The chart below shows various home and rental market vacancy stats. Though things have improved, we still have to see what goes down when (and if) the Fed/Govt ends their massive support programs (currently scheduled to expire near the end of Q1 2010). Things may start deteriorating all over again, but we’ll have to see.

TradeKing Review

TradeKing’s $4.95 trade fees have attracted a lot of attention in the e-brokerage world, allowing them to steal customers away from competitors. Compare their pricing to $9.99+ at Etrade and Ameritrade, and it’s easy to see why.

Fees and Pricing

Say you make 100 trades per year. Switching to TradeKing would save you $500/year, assuming you pay $9.99 today. That’s $500 more to put to work in the markets every year, money that will compound and grow over time. Investors who trade more often will see even bigger savings, of course.

Follow this link to

Pricing Comparison:

As you can see, trading is much cheaper on TradeKing. Their $4.95 price includes broker-assisted trades. I’ve had to use this option before with Etrade, when my internet went down. It wasn’t cheap. If you get in a similar spot, it’s nice that TK doesn’t charge a ton.

Official TradeKing site here:

Options pricing: Trades are $4.95  plus $.65 per contract. Compare that to $9.99 and $.75 per contract with Etrade. Big difference, especially when you trade volume.

Savings like that can make a huge difference for options traders. TK also offers options price calculators and options screening tools, allowing you to search for options that are fundamentally cheap (or expensive) depending on whether you’re looking to buy or sell.

Mutual Funds: Transaction fees also beat rivals by around 25%. They’re $14.99 vs. $19.99. These small savings make a big difference over time, especially in retirement accounts where your portfolio has decades to grow.

TradeKing is the cheapest online broker I know of. I can’t see fees going much lower, as TK’smargins must already be thin when you factor in exchange fees and business overhead. I assume TradeKing must be relying on some more advanced offerings to pad margins.

Drawback – Not Ideal For OTC/Penny Stocks

One potential drawback is TradeKing’s $.01/share fee on shares priced less than $1. For dumpster-divers and OTC gurus, this is not ideal. Those fees can really add up over time, when you’re doing transactions with 100k or even 1m shares at a time.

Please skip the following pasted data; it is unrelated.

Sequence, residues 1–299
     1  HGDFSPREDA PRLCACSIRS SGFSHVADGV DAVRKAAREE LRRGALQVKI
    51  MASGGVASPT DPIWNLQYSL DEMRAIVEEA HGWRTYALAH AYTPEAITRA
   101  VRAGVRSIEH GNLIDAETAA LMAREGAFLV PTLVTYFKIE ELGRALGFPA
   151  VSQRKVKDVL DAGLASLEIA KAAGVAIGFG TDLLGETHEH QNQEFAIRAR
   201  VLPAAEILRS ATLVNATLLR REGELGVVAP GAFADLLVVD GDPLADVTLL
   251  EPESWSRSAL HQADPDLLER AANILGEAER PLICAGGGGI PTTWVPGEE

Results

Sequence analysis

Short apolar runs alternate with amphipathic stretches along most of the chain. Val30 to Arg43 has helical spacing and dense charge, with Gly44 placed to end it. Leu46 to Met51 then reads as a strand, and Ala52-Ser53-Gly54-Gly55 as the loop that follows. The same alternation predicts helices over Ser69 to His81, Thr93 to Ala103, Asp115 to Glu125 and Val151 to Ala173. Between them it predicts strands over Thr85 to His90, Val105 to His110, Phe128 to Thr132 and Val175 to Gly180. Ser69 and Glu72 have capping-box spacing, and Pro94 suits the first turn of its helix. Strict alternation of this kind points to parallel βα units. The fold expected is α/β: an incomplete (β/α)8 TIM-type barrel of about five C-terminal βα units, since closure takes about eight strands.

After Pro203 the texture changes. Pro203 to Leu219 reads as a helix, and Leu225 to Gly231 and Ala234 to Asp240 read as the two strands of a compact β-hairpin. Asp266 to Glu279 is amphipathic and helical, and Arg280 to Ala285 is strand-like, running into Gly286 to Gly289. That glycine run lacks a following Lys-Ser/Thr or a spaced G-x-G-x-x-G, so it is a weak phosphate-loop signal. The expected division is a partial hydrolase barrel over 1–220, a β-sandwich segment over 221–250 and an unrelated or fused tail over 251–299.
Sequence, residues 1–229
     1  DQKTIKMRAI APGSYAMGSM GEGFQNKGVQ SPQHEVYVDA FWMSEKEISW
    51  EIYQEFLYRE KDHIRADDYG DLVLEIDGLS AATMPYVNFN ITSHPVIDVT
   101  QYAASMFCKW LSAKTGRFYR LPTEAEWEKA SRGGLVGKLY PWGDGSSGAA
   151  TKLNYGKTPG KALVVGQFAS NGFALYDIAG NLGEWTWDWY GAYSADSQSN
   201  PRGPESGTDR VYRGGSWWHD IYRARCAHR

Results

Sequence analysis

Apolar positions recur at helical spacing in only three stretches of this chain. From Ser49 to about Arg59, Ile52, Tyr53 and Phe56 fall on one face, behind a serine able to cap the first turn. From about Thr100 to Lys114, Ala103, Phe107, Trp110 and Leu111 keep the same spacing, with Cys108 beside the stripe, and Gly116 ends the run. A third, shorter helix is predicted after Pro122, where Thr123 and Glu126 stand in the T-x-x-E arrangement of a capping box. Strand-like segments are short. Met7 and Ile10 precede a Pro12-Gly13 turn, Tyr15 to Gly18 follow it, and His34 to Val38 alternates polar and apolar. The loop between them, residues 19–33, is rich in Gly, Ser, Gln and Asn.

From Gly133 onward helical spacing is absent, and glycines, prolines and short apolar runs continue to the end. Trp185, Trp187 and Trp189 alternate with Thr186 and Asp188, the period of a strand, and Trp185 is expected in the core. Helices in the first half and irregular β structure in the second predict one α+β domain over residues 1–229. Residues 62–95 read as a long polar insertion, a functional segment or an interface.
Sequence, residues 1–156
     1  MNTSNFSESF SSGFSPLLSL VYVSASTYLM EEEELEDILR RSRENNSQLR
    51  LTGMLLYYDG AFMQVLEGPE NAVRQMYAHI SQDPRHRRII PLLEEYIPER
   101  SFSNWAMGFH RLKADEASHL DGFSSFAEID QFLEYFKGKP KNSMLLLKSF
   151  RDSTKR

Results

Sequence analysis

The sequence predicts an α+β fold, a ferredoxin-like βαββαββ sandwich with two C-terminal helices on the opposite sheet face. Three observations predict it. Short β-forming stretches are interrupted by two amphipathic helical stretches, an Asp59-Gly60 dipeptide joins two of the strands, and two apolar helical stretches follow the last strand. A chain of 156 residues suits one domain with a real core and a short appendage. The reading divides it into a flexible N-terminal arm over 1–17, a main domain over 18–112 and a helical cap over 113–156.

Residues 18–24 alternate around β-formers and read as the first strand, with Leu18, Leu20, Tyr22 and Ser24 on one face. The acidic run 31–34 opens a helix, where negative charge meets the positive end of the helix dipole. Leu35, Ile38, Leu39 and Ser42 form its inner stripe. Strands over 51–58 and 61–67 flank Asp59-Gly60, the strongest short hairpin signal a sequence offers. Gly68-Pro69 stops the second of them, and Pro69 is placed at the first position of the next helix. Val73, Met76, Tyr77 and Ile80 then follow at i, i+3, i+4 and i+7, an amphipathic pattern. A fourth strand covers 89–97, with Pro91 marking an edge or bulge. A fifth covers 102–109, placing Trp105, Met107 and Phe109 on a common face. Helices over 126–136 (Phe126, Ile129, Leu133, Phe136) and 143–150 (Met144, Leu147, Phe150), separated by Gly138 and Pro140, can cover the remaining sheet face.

Charts and Technical Analysis Review

TradeKing offers some nice technical analysis tools, which are powered by Recognia. You can set up email alerts to notify you when breakouts or other events are happening.

Charting is pretty standard. Pattern-recognition, tons of TA indicators you can add, comparisons, etc. Like research, most investors can find the charts they need for free these days.

Margin Rates

TradeKing’s margin rates are slightly cheaper than the competition, at 6.5%. That compares to ETrade’s 7.99% and TD Ameritrade’s 9.00%.

Research Reports

TK offers MarketGrader fundamental research reports to clients. These look solid, but don’t boast the same big-name appeal that firms Etrade pay for. But to be honest, I find very little value in reports from companies like Standard and Poors.

All these ratings agencies have fee-based relationships with the companies they cover, and that creates a bias problem. I was an Etrade customer for 8 years, and found most of those reports to be useless. Better information can be found for free on the web, in my experience. I’d rather not pay for pricey research that I never use.

Customer Service

TradeKing offers phone support with minimal wait times. They also offer online chat and email support. I made a call to test their claims, and got a real person on the line within a minute. Not bad, considering how cheap the trades are. They also received Smart Money’s #1 in Customer Service award in 2008.

Tax Reporting

Review Conclusion:

Controlling costs today is more important than ever. TradeKing is a good way for investors and traders alike to cut their brokerage fees in half. I’m currently in the process of moving my old Etrade account to them. I make about 120 buys a year, so this should save me $600 in the next 12 months alone. Not bad.

Here’s a link to signup:

Feel free to share your own review of TradeKing in the comment section. I’d like to hear all experiences, good and bad.